Ken McNabb of Wyoming took home the championship trophy at this year’s Trainer’s Challenge finals at Westerner Park in Red Deer.
“The Trainer’s Challenge is such a great opportunity for us to come together and learn from each other,” he said after receiving his trophy from Diane Anderson of Tymarc Art Studio. “It’s not about winning or losing, because when we can learn together we really all become winners.”
McNabb’s positive and encouraging attitude was evident throughout the weekend, and he kept this same mindset in the finals. “We’re on a time clock during the finals, but a horse doesn’t understand what that means,” he said during his ride. “So, you really have to take your time and hurry slowly. I’ve also got to make sure that I’m giving him as much as he’s giving me.”
Hurrying slowly paid off for McNabb and with his horse, Remedy, he completed all of the required elements of the finals in under the allotted time. “This is a really good horse,” he said. “He’s just giving me all the try in the world and in the end that’s all I can ask of him.”
Joining McNabb in the finals were Brent Trout of Alberta and Tom Forehand of Colorado. A strong relationship developed between the three trainers, as they learned from each other and spent time together between their training sessions. “It has been just amazing to work with trainers the calibre of Ken and Tom,” said Trout. “This Trainer’s Challenge has provided an incredible experience for me, and I feel very fortunate and very blessed to be here.”
During the finals, Trout and his horse, Jose, didn’t complete all of the required elements, but Trout remained positive about the gelding. “Jose is a horse with real potential,” he said. “In any situation, even in a competition like this, you have to keep the training about the horse.”
For Trout, the most memorable moment of his work with Jose came during his final round pen session, when he rode the horse for the first time with the Olympic theme song “I Believe” playing over the speakers. “It was really a shared moment between me and Jose and about 1,600 other people,” he said. “People were emotionally connected with what was happening and how big of a moment that was. A lot of people were crying and some came up to me after and said how much that meant to them.”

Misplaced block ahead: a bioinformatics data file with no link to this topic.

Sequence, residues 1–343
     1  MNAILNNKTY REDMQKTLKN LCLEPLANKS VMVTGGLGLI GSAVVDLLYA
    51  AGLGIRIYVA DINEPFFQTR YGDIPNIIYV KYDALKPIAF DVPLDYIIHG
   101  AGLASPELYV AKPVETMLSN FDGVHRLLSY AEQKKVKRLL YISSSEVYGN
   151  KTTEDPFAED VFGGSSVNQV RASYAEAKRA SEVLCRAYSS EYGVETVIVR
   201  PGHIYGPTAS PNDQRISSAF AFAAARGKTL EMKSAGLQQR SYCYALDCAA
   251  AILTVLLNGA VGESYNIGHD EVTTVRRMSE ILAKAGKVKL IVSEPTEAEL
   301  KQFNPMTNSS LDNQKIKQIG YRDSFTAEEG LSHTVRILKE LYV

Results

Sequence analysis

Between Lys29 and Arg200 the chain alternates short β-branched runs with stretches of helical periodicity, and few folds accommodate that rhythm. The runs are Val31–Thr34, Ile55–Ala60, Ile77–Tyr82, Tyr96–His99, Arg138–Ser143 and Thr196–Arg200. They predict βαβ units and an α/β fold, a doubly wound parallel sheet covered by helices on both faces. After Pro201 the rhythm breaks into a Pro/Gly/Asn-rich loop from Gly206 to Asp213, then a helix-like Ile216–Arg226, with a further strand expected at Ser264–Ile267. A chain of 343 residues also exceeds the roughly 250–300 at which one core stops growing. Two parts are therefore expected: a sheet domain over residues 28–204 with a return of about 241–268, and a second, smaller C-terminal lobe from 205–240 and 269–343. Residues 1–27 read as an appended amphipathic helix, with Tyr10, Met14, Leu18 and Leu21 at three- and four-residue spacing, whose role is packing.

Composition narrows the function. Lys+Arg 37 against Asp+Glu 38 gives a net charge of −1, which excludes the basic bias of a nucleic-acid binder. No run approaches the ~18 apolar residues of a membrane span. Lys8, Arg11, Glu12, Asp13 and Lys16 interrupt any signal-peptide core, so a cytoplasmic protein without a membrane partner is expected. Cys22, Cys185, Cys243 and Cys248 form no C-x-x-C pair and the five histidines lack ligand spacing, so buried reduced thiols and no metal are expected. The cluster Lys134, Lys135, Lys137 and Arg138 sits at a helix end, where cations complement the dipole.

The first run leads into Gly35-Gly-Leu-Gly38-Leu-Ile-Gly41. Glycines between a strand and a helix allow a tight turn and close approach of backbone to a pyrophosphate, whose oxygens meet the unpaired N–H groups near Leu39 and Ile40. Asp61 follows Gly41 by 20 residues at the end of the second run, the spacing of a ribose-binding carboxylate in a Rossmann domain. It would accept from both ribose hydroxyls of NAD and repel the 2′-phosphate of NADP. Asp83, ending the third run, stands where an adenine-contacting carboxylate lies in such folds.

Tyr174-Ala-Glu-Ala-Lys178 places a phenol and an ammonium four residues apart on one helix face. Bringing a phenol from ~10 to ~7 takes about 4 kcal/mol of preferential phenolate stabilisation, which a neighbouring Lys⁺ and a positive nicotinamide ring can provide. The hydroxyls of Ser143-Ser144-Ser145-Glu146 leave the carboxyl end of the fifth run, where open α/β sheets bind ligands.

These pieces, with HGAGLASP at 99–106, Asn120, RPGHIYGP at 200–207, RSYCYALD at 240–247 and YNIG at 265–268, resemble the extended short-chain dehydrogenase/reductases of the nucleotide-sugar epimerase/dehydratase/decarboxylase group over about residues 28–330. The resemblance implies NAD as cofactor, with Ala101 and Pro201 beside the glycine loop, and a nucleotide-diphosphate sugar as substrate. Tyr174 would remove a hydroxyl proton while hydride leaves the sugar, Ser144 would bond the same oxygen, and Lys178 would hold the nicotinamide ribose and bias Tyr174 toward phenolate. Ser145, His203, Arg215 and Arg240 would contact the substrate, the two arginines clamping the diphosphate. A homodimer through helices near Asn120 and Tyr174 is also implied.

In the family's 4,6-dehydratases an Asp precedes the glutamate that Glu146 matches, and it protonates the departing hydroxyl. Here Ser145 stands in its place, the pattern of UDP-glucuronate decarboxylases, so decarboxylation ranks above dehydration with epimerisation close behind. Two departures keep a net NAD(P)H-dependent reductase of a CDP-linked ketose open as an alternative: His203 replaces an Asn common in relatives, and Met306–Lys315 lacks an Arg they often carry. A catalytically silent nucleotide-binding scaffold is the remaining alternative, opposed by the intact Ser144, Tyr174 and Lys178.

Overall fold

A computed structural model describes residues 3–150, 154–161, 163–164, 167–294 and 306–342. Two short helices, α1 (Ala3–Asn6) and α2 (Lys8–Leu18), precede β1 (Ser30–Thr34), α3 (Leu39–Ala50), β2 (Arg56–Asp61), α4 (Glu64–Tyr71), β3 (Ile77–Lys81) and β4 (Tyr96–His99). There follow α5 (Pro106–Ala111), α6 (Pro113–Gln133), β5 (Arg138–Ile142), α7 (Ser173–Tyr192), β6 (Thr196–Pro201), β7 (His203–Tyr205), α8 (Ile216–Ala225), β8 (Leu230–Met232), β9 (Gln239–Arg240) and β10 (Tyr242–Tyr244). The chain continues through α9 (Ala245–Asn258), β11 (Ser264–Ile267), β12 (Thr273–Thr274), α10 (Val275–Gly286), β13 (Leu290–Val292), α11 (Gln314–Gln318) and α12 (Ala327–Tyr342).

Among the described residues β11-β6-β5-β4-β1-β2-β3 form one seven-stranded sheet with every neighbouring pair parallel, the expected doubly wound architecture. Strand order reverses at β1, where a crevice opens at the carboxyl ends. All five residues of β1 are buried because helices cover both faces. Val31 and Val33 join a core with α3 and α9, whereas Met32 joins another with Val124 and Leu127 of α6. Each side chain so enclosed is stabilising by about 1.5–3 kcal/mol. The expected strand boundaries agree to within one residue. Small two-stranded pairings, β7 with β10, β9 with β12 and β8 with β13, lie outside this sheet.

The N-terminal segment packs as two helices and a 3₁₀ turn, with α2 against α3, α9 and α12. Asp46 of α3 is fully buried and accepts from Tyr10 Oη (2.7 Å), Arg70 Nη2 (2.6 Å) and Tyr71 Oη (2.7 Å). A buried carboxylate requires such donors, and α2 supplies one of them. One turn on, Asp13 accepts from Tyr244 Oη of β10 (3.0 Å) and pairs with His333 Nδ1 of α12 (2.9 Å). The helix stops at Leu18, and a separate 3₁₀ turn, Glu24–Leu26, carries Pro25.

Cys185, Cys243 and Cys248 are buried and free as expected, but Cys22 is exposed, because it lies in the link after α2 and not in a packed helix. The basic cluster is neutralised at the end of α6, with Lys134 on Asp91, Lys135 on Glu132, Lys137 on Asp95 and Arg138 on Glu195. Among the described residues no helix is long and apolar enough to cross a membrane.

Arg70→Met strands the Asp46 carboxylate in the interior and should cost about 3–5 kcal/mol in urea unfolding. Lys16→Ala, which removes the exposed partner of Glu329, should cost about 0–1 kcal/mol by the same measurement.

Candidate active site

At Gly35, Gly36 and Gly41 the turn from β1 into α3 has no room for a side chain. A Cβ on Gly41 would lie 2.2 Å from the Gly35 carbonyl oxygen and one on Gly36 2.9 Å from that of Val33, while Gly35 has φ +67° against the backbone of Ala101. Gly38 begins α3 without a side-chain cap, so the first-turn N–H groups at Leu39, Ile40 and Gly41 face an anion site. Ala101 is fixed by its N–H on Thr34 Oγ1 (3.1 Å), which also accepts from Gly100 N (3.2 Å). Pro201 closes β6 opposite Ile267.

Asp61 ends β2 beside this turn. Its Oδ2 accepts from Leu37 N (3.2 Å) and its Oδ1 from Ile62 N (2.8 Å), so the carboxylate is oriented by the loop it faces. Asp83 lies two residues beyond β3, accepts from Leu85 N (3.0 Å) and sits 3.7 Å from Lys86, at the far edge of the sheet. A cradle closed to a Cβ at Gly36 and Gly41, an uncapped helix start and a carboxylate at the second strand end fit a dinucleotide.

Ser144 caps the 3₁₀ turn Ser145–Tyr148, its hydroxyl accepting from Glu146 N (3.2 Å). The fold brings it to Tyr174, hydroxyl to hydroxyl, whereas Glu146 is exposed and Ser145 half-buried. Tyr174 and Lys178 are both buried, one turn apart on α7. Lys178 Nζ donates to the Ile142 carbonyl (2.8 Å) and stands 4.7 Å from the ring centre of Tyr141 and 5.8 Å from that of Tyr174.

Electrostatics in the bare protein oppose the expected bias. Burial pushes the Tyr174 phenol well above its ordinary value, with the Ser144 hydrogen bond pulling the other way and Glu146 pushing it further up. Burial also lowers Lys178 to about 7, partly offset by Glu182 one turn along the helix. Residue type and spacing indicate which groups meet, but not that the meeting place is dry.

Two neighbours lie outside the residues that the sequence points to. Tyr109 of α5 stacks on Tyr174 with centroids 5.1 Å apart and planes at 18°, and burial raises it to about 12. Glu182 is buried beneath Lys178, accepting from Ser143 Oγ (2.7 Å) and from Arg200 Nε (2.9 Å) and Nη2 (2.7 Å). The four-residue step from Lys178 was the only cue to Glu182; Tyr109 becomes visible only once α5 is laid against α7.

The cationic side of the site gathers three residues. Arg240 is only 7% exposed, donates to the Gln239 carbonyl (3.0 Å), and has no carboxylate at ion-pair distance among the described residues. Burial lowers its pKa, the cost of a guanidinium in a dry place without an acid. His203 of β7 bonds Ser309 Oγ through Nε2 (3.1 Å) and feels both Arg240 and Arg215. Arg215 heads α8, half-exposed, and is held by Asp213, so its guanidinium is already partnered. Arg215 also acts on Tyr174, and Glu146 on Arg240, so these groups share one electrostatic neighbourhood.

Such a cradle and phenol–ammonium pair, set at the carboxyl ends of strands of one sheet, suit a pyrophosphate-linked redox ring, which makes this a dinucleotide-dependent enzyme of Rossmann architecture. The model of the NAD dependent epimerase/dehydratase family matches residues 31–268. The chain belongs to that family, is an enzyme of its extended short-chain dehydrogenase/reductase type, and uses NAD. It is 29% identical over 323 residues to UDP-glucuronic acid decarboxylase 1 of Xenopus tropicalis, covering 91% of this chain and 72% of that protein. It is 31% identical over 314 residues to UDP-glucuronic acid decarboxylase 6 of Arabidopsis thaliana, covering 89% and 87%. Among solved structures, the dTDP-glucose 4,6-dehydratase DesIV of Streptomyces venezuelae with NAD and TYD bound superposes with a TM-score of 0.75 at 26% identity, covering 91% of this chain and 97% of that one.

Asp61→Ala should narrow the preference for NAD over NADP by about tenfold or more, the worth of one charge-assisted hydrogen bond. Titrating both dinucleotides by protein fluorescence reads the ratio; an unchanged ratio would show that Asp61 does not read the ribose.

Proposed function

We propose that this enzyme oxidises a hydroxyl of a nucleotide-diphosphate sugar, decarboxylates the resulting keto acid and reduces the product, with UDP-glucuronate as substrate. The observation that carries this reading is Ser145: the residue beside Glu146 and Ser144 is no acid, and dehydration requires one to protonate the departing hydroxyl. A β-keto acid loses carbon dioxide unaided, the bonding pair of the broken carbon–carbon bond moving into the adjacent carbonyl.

Tom Forehand also had a positive experience during the Trainer’s Challenge. Riding his three-year-old gelding, Blue, Forehand was encouraged with his performance in the finals. “Blue did pretty good today,” he said after his round. “I knew that I wouldn’t try for the lope, but Blue did a lot of other things really well – he did the serpentine at a trot, he went over the bridge and he took the snaffle bit better than in any other session.”
The Trainer’s Challenge often provides unique connections between horse people, and this year was no different. Forehand’s horse, Blue, has been purchased by new owners, who will be sending the gelding to Trout for further training. “Blue will be going home with Brent, and it’ll be fantastic to see where he takes this gelding,” Forehand said.
At the conclusion of another successful Trainer’s Challenge, the feedback was positive. “The Mane Event is an incredible horse expo that’s filled with so many educated horse folks, it’s amazing,” Forehand said. “The organizers of the event are absolute sweethearts, and the trainers, clinicians and judges have all been just great. I feel very honoured and glad to have been here.”